Tuesday, March 3, 2015

Prepping Guides

 I realised after I shared how I prep for a week I left out prepping our guides for the week ahead. This year we have several guides from several companies: Winter Promise, Sonlight, & Bookshark. With WP this year we're only using the Language Arts at this time, so that guide doesn't need much prepping. I like to peek at my schedule as I copy down what pages we're doing so I know what topics will be covered, but aside from that it's very open & go.

The other two guides take a little more prep time & I generally prep them at the same time I'm putting my planning sheet for the week in my planner. It doesn't take more then five minutes to deal with either. First off, I tend to take the note sections from my guides & run off copies. My objective is not to keep a neat set for selling, nope. Rather, I use one copy to write on for one child & then use the fresh guide to write in with the next one. This allows all my notes per child to be in their own guides. I can easily reference back to a previous one if needed, but in general what I do with one child won't always be identical with the other.

Once I have those in my planner I grab a pack of highlighters & go to town. I highlight the vocabulary words in orange, retention/discussion questions in yellow, mapping & timeline information is in green, history & geography notes are in purple, read aloud notes are in yellow, & readers are in pink. I generally try to use 1 colour per thing so I need to remove one of my yellows not that I have a new blue highlighter.

Each week I just flag where we are with a post-it note & flip to it after readings are done. It doesn't matter if I was present for the reading or not. One big objective this year for the kids is to learn to retain more information then just what they find interesting in order to help them process the information & apply that knowledge to other things like tests.

We've never been big test takers here, but as Morgan gets older testing is essential for a variety of reasons. This year we're choosing to focus on test taking, in a semi-relaxed atmosphere. I have one child who gets giddy with excitement over taking a test because his confidence is sky high in the knowledge that he can & will succeed. The other one would prefer to curl up in a ball & pretend tests don't exist. This isn't because he doesn't know the information, but he struggles with the idea of failure.

In either case, discussing the information in our guides helps them process what we've heard. It can help start discussions for things we might not have otherwise thought of. This year Morgan is using Story Of The World Vols. 2-4, there are many discussion questions in the guide we're using & often those questions will prep him for the test that accompanies the chapters. As an aside, the tests are not scheduled with the curriculum we are using, they are something we've opted to add in.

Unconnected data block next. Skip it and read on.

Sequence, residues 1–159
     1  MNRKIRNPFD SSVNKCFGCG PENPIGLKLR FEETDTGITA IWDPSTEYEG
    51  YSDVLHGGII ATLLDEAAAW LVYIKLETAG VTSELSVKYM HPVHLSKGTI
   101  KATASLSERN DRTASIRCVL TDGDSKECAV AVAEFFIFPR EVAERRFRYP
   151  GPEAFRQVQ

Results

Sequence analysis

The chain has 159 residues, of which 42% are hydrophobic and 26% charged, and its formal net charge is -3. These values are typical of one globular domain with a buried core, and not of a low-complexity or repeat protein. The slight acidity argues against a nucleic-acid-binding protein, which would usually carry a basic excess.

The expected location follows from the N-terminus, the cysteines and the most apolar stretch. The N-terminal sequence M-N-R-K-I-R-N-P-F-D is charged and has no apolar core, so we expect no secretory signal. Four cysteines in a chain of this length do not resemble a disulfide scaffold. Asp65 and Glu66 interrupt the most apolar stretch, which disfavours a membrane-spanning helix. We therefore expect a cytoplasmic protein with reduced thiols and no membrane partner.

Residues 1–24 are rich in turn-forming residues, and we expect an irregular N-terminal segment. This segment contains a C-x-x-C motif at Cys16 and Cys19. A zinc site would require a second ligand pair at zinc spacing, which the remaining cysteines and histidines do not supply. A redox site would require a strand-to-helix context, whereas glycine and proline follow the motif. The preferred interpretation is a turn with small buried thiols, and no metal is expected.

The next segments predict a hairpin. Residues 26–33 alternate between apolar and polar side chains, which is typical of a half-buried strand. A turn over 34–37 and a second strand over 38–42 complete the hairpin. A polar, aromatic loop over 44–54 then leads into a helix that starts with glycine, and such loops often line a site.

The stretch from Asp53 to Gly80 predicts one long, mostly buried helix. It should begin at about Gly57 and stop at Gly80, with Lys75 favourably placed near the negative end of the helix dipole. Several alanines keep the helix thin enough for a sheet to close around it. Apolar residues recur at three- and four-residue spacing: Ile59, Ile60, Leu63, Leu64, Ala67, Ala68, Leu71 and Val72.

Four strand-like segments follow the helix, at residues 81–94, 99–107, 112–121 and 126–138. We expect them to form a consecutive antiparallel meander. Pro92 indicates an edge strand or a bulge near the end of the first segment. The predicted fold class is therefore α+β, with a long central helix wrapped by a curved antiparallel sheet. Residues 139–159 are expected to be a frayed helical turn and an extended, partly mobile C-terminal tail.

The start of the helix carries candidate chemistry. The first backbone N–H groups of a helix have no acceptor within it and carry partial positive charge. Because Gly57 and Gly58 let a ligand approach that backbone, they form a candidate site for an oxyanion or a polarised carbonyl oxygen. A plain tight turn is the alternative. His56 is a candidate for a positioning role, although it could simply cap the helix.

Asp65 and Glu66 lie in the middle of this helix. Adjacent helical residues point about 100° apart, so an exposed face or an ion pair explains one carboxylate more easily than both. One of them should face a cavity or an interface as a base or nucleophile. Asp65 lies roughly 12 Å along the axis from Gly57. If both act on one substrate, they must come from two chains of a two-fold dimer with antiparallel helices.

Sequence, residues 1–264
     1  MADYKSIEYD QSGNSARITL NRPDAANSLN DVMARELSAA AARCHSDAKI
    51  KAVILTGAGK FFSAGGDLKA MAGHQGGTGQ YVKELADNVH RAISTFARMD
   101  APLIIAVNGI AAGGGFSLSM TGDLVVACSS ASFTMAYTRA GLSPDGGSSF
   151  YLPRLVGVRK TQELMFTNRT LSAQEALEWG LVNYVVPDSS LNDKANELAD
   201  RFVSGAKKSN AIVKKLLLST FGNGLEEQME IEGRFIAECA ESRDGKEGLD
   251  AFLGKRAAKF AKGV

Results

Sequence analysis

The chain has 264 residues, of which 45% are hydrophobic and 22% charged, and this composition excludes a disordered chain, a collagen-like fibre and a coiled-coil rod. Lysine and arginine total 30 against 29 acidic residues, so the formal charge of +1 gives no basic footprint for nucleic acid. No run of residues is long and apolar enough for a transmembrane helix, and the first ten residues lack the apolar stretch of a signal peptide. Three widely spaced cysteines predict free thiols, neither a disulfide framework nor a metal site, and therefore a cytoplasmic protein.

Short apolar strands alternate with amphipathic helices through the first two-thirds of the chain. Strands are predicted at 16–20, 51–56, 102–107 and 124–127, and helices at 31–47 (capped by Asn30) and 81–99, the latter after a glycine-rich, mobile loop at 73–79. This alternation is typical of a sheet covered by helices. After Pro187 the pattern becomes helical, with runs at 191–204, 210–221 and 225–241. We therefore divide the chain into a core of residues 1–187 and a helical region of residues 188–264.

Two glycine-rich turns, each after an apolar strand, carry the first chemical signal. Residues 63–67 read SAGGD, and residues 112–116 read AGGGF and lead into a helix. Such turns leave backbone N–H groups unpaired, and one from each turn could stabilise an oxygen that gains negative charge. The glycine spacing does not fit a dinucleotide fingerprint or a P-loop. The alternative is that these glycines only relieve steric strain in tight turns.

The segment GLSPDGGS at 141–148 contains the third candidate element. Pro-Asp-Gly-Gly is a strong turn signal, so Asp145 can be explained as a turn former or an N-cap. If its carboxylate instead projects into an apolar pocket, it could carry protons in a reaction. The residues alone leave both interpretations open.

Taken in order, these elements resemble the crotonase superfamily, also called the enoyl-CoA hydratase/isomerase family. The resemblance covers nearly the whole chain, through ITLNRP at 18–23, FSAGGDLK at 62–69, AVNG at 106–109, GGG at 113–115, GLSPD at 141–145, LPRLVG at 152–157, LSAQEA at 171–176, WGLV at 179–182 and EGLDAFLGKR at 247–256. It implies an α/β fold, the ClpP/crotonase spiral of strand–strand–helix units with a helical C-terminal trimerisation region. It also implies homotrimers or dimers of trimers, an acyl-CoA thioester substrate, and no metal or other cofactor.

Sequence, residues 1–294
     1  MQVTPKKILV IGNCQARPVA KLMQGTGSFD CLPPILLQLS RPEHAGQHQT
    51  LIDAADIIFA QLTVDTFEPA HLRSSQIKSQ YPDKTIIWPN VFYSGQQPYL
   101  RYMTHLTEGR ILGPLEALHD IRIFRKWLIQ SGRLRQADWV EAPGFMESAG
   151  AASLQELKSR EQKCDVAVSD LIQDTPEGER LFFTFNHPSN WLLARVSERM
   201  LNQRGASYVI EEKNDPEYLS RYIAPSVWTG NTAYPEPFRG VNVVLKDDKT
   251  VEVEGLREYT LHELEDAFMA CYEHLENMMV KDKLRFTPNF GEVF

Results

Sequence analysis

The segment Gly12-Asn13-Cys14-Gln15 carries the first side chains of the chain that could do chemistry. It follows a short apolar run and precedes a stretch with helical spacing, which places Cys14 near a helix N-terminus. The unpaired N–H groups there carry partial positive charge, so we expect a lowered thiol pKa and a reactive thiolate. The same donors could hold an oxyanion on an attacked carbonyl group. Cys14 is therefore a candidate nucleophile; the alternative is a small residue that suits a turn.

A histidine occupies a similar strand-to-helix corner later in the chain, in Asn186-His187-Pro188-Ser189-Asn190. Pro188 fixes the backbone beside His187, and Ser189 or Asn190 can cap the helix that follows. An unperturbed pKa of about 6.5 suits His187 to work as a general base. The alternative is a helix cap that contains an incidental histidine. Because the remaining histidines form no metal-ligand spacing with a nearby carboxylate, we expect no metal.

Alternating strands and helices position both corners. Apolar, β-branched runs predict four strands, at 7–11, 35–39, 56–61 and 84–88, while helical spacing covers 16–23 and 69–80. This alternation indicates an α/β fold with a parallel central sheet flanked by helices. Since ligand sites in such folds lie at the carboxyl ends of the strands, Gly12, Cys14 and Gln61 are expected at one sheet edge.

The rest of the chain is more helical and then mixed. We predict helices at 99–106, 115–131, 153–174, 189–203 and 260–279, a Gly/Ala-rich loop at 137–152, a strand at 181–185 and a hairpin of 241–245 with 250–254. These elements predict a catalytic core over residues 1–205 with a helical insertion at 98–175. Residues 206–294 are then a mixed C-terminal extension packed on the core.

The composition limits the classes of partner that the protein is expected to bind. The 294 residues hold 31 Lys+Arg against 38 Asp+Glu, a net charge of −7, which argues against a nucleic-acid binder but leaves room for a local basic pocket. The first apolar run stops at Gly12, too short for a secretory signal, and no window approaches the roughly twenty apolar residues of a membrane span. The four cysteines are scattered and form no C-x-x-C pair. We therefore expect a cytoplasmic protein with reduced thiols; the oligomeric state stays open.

Now, if you've used the notes & questions in your guide & felt overwhelmed or frustrated because maybe your kids gave one word answers or less then stellar answers, take heart. I always find that at the start of the year answers are... well, lame. In fact I'm not above saying to my kids, "That's lame." or, "I think you can do better then that."

We're at the 4 week mark in our term & when I ask the questions after readings I'm finding that the answers mirror very well the pre-printed answers. My objective is not to have children who can spout back textbook answers, but within their answers they hit very closely on what's written in my guide.

I do not have my children write the answers down, I simply ask them aloud & they answer them aloud. With Jayden moving off on his own now this was especially important to me that we use the guides in his Core. He's new to the whole "doing so much on his own" thing & I didn't want him to even feel tempted to skip a bit here or there & attempt to "catch up" later without first discussing it with me. He went from needing a bit of coaxing to get those answers out of him in Week 1 to not only giving the appropriate answers, but expanding further. I love this, not only because it tells me he's grasped the material but this is an area the my boy can, at times, struggle in.  His abilities often outweigh his own knowledge. Meaning he's capable of reading something, but that doesn't always mean he's grasped the content.

Another thing I love about marking my guides like this is that it makes it super simple to locate exactly what we're mapping. Somedays we can have zip & then other days we can have a lot. In the newer Sonlight Guides, & Bookshark Guides, you get a lovely laminated map that expands out. Each map is labeled so the child can use mapping skills to locate places on the map. We take it a step farther & after they locate it on the small map they transfer it to the big map. My kids love geography so this is something they've been known to sulk about if it's a day with no mapping.

It just really helps me feel I'm getting the most out of our curriculum this way!

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